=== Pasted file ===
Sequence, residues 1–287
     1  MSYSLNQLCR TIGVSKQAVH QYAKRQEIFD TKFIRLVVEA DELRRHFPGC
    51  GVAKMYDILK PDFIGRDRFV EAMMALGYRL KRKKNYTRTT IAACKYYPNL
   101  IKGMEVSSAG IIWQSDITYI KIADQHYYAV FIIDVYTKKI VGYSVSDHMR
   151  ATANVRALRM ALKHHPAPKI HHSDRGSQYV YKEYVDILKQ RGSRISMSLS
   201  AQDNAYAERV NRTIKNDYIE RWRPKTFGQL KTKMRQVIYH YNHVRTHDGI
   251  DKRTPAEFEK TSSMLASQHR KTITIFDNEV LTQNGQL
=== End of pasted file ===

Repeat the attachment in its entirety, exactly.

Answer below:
Sequence, residues 1–287
     1  MSYSLNQLCR TIGVSKQAVH QYAKRQEIFD TKFIRLVVEA DELRRHFPGC
    51  GVAKMYDILK PDFIGRDRFV EAMMALGYRL KRKKNYTRTT IAACKYYPNL
   101  IKGMEVSSAG IIWQSDITYI KIADQHYYAV FIIDVYTKKI VGYSVSDHMR
   151  ATANVRALRM ALKHHPAPKI HHSDRGSQYV YKEYVDILKQ RGSRISMSLS
   201  AQDNAYAERV NRTIKNDYIE RWRPKTFGQL KTKMRQVIYH YNHVRTHDGI
   251  DKRTPAEFEK TSSMLASQHR KTITIFDNEV LTQNGQL